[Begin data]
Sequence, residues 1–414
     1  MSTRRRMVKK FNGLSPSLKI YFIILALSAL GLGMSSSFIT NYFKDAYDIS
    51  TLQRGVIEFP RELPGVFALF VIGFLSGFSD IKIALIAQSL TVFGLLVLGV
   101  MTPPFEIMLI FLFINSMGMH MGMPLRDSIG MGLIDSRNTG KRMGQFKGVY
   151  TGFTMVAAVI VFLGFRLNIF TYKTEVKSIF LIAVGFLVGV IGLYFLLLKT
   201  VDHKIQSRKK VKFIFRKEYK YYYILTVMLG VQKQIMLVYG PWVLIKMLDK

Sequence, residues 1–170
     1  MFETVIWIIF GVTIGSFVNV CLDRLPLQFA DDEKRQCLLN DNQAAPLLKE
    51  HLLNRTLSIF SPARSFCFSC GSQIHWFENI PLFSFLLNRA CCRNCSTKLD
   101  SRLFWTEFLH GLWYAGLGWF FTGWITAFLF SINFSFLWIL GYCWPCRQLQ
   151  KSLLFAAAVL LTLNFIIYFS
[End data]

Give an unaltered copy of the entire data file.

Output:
Sequence, residues 1–414
     1  MSTRRRMVKK FNGLSPSLKI YFIILALSAL GLGMSSSFIT NYFKDAYDIS
    51  TLQRGVIEFP RELPGVFALF VIGFLSGFSD IKIALIAQSL TVFGLLVLGV
   101  MTPPFEIMLI FLFINSMGMH MGMPLRDSIG MGLIDSRNTG KRMGQFKGVY
   151  TGFTMVAAVI VFLGFRLNIF TYKTEVKSIF LIAVGFLVGV IGLYFLLLKT
   201  VDHKIQSRKK VKFIFRKEYK YYYILTVMLG VQKQIMLVYG PWVLIKMLDK

Sequence, residues 1–170
     1  MFETVIWIIF GVTIGSFVNV CLDRLPLQFA DDEKRQCLLN DNQAAPLLKE
    51  HLLNRTLSIF SPARSFCFSC GSQIHWFENI PLFSFLLNRA CCRNCSTKLD
   101  SRLFWTEFLH GLWYAGLGWF FTGWITAFLF SINFSFLWIL GYCWPCRQLQ
   151  KSLLFAAAVL LTLNFIIYFS